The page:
The avocados have been wonderful all summer. That is until the past two weeks. And that’s strange, because late August and early September is supposed to be peak avocado season, and just about every avocado I’ve bought in the past two weeks has been bad. Either sour and black inside, or black on the outside but still hard and brittle on the inside. That usually means they’ve been frozen.
The normal test for ripeness is color, when the avocado turns either red or black it’s ready. You are supposed to press lightly on the surface to see if it gives, that works too but results in a bruise. And I hate bruised avocados.
Which is why I always buy green ones and ripen them at home. Once avocados are placed on display, they are subject to all kinds of ignorant, impatient people who paw, squeeze, and throw back avocados without regard to what their handling of the fruit will result in, mainly bruising.
If you’ve ever cut open an avocado to find hard little black spots near the skin surface while most of the meat is green and creamy, those are spots where the avocado was either dropped on or pressed on. Every time I see a store worker dump a bushel of avocados into a bin haphazardly I want to yell at them.
Ditto tomatoes. Same with customers who pick them up and throw them back.
I once watched a woman at the Union Square Greenmarket looking through tomatoes and she would pick one up, give it a hard squeeze, and then drop it back on to the pile. I moved on to the next vendor, and was surprised the guy at that stand didn’t say anything to the woman who was systematically ruining all of his tomatoes.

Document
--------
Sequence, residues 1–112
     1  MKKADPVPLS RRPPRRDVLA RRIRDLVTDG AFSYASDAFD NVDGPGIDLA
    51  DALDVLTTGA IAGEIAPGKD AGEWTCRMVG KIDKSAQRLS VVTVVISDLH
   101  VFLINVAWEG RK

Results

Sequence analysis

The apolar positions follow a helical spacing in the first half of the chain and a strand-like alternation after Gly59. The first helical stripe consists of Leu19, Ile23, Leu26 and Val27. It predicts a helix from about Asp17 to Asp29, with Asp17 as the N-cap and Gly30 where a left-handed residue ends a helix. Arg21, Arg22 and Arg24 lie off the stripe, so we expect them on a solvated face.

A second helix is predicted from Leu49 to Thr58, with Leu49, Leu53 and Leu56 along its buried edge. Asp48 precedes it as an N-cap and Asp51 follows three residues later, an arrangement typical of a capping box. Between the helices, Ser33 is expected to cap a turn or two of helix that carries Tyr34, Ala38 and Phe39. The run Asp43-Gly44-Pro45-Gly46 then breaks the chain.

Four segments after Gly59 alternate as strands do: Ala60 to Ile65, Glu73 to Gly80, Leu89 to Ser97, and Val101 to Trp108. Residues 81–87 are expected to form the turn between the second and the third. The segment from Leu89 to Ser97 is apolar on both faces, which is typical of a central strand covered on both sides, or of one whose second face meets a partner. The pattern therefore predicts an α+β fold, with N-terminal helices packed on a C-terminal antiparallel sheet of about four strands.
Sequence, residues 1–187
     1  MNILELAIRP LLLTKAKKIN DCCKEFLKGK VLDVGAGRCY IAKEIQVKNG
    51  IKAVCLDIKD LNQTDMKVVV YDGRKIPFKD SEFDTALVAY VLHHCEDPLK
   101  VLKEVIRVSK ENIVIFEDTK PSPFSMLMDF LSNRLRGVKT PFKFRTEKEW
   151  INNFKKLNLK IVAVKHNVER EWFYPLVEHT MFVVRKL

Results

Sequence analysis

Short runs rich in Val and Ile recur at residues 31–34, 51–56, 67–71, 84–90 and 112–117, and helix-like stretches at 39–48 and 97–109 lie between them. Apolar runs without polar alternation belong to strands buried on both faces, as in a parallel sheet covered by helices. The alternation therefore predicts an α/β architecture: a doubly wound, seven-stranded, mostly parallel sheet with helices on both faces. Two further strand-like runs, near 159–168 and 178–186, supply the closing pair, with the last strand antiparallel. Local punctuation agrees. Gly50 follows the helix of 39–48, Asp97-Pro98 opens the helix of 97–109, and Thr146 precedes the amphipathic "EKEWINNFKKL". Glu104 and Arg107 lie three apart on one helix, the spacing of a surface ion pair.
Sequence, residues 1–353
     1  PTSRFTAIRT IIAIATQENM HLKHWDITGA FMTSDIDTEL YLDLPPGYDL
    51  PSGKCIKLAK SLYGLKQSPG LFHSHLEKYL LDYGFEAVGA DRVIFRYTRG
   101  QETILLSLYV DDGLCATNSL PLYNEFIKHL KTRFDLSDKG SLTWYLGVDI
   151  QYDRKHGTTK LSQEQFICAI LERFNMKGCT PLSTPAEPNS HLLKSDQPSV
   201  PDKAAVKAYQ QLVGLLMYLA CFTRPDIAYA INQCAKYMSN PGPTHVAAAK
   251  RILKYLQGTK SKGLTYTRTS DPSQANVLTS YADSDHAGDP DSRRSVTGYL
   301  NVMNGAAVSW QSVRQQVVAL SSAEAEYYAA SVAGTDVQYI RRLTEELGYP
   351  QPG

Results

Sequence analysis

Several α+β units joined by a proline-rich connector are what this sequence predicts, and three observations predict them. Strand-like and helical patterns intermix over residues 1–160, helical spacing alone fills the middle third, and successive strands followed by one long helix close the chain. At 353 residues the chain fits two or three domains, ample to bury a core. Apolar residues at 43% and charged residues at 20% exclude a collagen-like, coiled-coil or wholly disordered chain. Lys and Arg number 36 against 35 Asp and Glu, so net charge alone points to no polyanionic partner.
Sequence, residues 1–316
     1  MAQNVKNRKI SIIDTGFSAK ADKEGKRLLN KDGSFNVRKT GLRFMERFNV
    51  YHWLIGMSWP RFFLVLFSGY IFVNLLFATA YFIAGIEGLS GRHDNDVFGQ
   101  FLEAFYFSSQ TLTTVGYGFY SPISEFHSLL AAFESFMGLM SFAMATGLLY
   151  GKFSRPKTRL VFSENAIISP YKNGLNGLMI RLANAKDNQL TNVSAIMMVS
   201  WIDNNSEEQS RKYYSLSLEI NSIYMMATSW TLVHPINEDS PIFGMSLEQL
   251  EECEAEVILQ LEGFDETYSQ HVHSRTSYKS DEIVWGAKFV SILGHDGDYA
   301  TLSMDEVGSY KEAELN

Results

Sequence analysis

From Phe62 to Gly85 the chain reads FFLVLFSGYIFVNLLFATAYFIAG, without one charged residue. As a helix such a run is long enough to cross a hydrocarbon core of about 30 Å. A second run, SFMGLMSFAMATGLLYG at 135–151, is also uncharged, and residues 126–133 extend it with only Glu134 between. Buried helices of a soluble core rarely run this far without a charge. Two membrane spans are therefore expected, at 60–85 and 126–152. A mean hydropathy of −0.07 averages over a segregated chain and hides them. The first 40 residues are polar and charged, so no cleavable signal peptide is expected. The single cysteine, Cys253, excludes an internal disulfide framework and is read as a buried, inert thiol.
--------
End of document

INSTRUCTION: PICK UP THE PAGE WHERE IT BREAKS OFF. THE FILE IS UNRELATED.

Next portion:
When I test for ripeness, of either a tomato or avocado I cradle it in my palm and give it a gentle squeeze, just enough to see if there is any give. This won’t damage the fruit.
I wish I could get a job patrolling the produce section of Whole Foods or Fairway to stop squeezing and dropping offenders. I would do it with great relish à la George Whipple in the old Charmin commercials.
There is another test for ripeness, and it’s pretty foolproof. Take the avocado in the palm of your hand and flick at the little nub on the end that was attached to the vine. If it comes off easily, the avocado is ripe. If it’s solid, or takes some effort the avocado’s not ready.
The color test doesn’t always work. I’ve seen very green avocados that were already soft and black ones that are still hard inside, but picking off the nub works 99% of the time.
In the middle of the summer I was getting avocados that were almost like soft butter inside. While that’s great if you want to spread it on a sandwich or a tortilla, it’s not so conducive to salads. You want it a little firmer for salads.
Soft is pretty good for guacamole, though. When I make guacamole, (and I make the best guacamole) I buy my avocados green a week ahead of time to make sure they are all ripe at the same time. As soon as the nub falls off, I put the avocado in the fridge, and by the time preparation day comes I get a perfectly green guacamole. I always add a little lime juice to it, the lime juice helps to keep it from browning too fast. A dash of mayo gives it a little zest and helps with the color too. Yum.
When I was a kid my mom always used the bigger bright green avocados. They don’t have as much flavor as the Haas avocados, but they would be OK for guacamole. I use the Haas exclusively now. I’m spoiled.
I guess you can’t stop the stores or the transport people from freezing avocados; after all, the avocados are grown either in California or Florida, if not further south, and are trucked here. I guess your best bet is to find Florida avocados, since that’s closest to New York and are probably not frozen fro transport.
I remember watching at Trader Joe’s one day as they dumped a whole box of avocados into the bins, and the avocados were all sweating. A sure sign they’d been frozen. But I guess that would cut down on the bruising, wouldn’t it?